When Republican candidates typically come to Miami, they stoke anti-Castro sentiment by promising a to work toward a free Cuba, usually by pledging support for the Cuban embargo.
Is Paul Ryan, the newly minted Republican vice-presidential pick, one of those candidates?
The Wisconsin Congressman has voted at least three times in opposition to the embargo. A handful of current and former Republican Cuban-American lawmakers, who didn’t want to be identified for fear of bucking their own party, told The Miami Herald that Ryan’s record on the Cuban embargo might disappoint Cuban voters, who comprise 72 percent of the GOP electorate in Miami-Dade, Florida’s largest county.
Of course, many wanted to see the exile community's most-prominent politician, Sen. Marco Rubio, on the ticket.
“How could you pass over Marco and pick someone who’s anti-embargo?” one asked. “This might snatch defeat from the jaws of victory.”
Ryan voted at least twice in 2001 and 2004 against the embargo, but since 2007 he has opposed efforts to lift it, said Mauricio Claver-Carone, a conservative blogger and executive director of Cuba Democracy Advocates.
“He needed to be educated about the embargo,” Claver-Carone said. “He’s good on Cuba.”
Still, in 2009, Ryan still seemed opposed to the embargo when he told the Milwaukee Journal Sentinel: "If we’re going to have free trade with China, why not Cuba?" Ryan’s philosophical opposition to the embargo is rooted in the politics of the Midwest, which sees trade opportunities with Cuba.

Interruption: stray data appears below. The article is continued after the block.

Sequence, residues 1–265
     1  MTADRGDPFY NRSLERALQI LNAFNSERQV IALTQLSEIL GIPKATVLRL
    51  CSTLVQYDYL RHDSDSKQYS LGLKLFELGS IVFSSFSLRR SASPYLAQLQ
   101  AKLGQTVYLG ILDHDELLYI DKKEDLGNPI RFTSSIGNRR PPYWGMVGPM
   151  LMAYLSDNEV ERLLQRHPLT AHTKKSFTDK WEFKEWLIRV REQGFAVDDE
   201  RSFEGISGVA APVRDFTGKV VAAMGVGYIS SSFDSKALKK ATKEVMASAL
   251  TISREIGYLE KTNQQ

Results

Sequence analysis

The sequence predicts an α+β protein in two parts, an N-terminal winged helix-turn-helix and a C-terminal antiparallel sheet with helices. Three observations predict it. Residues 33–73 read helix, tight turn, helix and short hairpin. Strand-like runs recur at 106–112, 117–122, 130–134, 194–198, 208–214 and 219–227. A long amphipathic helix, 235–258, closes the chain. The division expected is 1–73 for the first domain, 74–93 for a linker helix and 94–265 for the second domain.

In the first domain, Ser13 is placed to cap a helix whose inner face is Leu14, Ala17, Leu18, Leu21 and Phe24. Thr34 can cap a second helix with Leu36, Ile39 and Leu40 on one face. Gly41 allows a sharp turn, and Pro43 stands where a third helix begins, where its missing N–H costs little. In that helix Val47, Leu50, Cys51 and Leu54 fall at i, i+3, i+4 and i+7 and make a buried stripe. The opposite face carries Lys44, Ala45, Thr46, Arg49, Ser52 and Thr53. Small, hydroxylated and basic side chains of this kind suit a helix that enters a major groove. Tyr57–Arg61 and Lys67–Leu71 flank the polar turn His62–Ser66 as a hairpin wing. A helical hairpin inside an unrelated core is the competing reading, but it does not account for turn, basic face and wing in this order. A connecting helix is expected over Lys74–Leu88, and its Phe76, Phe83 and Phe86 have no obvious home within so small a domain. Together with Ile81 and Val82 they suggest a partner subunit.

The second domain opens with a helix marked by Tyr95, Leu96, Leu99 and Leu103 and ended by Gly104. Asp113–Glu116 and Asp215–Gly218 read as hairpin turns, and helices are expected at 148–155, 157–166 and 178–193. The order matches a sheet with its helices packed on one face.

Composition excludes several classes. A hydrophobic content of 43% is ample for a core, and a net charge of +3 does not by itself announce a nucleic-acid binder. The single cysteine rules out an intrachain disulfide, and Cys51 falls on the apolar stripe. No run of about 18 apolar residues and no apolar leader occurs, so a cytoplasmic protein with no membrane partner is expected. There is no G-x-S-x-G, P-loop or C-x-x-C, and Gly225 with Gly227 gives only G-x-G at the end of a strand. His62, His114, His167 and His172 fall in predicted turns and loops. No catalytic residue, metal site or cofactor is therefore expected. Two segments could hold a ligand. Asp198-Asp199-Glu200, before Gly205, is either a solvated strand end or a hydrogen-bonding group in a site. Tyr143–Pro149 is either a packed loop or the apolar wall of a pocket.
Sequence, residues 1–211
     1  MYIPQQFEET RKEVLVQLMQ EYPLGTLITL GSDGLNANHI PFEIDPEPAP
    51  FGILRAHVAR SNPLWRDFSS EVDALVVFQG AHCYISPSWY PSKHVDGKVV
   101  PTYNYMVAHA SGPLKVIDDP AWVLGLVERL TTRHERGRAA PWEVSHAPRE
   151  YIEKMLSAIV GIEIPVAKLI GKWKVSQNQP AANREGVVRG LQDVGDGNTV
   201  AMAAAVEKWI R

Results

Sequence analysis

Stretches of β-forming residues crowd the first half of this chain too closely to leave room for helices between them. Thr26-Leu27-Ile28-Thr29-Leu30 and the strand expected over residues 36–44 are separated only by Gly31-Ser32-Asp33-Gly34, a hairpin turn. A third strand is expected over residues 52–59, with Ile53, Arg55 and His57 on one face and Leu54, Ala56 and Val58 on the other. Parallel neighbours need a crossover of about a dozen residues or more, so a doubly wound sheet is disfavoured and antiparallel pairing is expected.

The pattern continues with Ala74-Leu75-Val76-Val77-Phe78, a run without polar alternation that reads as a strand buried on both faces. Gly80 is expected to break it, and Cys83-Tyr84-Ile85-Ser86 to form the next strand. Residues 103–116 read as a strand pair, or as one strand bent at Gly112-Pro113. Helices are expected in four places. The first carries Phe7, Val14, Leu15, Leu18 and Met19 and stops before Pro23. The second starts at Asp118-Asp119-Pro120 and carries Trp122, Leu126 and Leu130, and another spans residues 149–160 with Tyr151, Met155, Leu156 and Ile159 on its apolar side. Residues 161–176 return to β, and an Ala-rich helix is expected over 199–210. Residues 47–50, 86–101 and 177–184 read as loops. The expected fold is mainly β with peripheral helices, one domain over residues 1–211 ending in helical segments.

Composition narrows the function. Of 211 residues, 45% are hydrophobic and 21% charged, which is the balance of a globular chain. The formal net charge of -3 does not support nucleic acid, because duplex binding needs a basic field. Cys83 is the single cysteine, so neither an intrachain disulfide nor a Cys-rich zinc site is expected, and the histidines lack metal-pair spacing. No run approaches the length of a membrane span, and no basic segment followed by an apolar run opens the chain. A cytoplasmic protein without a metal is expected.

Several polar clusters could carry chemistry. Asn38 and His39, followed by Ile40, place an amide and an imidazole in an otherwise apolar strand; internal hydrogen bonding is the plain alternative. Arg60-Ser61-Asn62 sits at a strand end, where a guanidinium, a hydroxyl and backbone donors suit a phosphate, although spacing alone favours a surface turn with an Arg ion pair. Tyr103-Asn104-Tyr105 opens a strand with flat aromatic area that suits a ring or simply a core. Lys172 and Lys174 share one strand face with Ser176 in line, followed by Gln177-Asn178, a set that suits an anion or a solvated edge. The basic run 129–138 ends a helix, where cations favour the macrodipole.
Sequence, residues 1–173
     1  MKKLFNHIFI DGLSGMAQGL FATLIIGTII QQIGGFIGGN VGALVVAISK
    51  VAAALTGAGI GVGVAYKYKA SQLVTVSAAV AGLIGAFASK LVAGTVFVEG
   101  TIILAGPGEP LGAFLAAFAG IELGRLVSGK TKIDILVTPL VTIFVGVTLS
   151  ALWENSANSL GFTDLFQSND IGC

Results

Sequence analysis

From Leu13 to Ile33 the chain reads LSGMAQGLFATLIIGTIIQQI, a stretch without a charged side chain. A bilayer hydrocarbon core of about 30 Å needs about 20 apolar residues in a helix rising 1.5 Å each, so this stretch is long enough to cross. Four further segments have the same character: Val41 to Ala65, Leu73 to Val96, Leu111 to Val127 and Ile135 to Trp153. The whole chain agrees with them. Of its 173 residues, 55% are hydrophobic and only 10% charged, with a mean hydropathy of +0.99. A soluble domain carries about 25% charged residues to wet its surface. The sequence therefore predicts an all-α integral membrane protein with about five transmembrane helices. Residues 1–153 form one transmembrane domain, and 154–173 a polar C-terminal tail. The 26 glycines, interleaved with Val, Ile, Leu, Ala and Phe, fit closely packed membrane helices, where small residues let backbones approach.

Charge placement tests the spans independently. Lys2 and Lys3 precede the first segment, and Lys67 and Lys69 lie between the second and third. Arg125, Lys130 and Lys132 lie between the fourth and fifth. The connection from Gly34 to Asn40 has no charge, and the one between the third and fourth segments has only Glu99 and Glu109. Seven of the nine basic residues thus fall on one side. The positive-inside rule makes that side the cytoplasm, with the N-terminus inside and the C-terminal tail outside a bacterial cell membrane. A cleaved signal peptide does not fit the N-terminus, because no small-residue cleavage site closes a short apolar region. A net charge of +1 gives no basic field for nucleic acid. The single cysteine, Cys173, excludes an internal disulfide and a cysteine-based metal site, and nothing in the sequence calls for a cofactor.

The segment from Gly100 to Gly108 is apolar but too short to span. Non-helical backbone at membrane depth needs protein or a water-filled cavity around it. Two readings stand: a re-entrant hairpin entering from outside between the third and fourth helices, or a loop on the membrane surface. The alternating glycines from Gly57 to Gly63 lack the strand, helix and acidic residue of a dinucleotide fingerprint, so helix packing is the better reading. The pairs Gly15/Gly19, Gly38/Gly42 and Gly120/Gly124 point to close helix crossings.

"I don't know those words, but I know his record. And it is strong," said Lincoln Diaz-Balart, a former Congressman and prominent voice in the exile community.
“He was a free-trader and we explained to him the human-rights and terrorist record of the Cuban dictatorship,” Diaz-Balart said. “His record ever since is one of a strong supporter for freedom in Cuba. He is a strong ally."
Some Hispanic Democrats are making some political hay out of this anonymous Romney adviser's comments in Politico where he said "This was all Mitt's decision. These are two guys who love data, and have a similar way of looking at the world. ... Mitt isn't thinking about Ohio or the Hispanic vote. He's thinking: 'I'm gonna be president. Who's going to help me succeed?'
So Rubio's just about the Hispanic vote, eh?
Probably not. But in the hothouse of a campaign, expect opponents to try to wedge Hispanics, especially when there's a "lily-white ticket" in the words of one Cuban-American Republican consultant.